Moq Data-Collection Controversy: The Other Side of The Story

Moq Data-Collection Controversy: The Other Side of The Story

The Context

Moq is a very popular, open-source project that provides a mocking library for .NET developers.

It has come under fire for quietly collecting data without the knowledge or consent of its users.

Crux of The Matter

Moq is was everything we love about open source.

It is a high-quality library, with over 470M downloads. Heavily used by companies including very large enterprises.

Creator of Moq

For more than 10 years, Daniel Cazzulino (or @kzu) has been diligently building and refining it.

The storm of criticism erupted when Moq’s 4.20.0 release quietly incorporated the SponsorLink project.

SponsorLink is was shipped on NuGet as closed-source software, containing obfuscated DLLs that gather hashed email addresses of users and transmit them to SponsorLink’s cloud service.

This deceptive act of Sponsorlink has received backlash from open-source software enthusiasts who felt betrayed by what they deemed a breach of trust.

Daniel Cazzulino has now removed Sponsorlink from the project, not because there is no longer a desire to add it to Moq, but due to a bug that was showing in Mac and Linux.

There is no guarantee yet that the removal of SponsorLink is a permanent decision.

While Daniel's intentions might not have been malicious, the manner in which it was executed is unjustified and simply WRONG.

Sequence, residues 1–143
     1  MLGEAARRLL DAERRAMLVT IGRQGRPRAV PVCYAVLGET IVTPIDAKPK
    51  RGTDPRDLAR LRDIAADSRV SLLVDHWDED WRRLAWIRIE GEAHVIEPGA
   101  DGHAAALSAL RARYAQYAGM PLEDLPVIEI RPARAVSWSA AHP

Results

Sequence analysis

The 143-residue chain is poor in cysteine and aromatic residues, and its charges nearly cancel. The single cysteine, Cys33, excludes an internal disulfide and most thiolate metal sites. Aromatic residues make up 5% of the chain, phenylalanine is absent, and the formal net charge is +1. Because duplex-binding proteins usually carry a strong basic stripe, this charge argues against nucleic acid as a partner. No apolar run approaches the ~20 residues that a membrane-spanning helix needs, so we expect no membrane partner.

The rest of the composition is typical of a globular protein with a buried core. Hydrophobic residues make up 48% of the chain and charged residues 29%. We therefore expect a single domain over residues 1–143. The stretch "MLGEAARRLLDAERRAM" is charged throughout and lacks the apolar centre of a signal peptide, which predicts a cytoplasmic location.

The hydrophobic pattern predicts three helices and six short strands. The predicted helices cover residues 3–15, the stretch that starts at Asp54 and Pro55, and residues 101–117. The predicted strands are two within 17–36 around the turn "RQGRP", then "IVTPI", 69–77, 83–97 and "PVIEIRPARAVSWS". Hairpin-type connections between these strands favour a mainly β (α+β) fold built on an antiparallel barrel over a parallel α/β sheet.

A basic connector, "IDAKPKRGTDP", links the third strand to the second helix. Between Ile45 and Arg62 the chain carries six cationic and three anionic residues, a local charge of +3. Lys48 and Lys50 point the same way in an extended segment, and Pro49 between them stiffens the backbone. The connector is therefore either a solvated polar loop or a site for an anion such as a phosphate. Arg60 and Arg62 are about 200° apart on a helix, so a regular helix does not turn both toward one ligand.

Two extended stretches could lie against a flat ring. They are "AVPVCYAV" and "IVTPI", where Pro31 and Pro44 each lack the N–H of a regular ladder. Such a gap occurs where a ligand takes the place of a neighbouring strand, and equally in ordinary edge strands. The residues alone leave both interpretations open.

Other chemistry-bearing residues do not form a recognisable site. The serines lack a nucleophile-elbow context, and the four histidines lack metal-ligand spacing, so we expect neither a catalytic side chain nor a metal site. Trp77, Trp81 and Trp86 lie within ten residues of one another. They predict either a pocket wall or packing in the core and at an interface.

However, many developers showed disappointment in how the developer community reacted to this issue.

The damage is irreversible now as many companies and developers are already contemplating migrating their tests to other libraries.

For devs, the next best option after Moq is NSubstitute - another open-sourced project.

And here lies the problem.

There is a reason “free” packages like Moq are in demand.

Companies and developers save a lot of time and money by simply using these projects.

The time, effort, and money required for creating an in-house project similar to Moq can, in many cases, surpass the effort needed to develop the projects in which the library would be employed

Maintaining OSS projects is a lot of work and maintainers like Daniel Cazzulino depend on sponsors to keep the project running.

The Other Side of the Story

Many open-source maintainers struggle to make a living from their work, despite the fact that their software is used by millions of people around the world.

This is because open-source software is often developed and maintained by volunteers who are not compensated for their work.

Marc Gravell, author of some very important OSS projects like Dapper and StackExchange.Redis, has come out in support of Daniel Cazzulino.

Marc makes a solid point that “Organizations (using the library) should sponsor not individuals”

He has poured his heart out in this Twitter thread.

The Conclusion

Open-source software relies on trust between developers and users. When a project like Moq collects data without users' knowledge or consent, it erodes that trust.

This can have a ripple effect throughout the open-source community, as users become more skeptical of other projects and developers become more hesitant to contribute their time and expertise.

However, it is important to understand why this issue has cropped up in the first place.

Many maintainers struggle to make a living from their work, and companies that rely on their software often do not provide adequate support.

To address this issue, companies should allocate funds to support open-source maintainers and provide recognition and support to the maintainers who develop and maintain the software they use.

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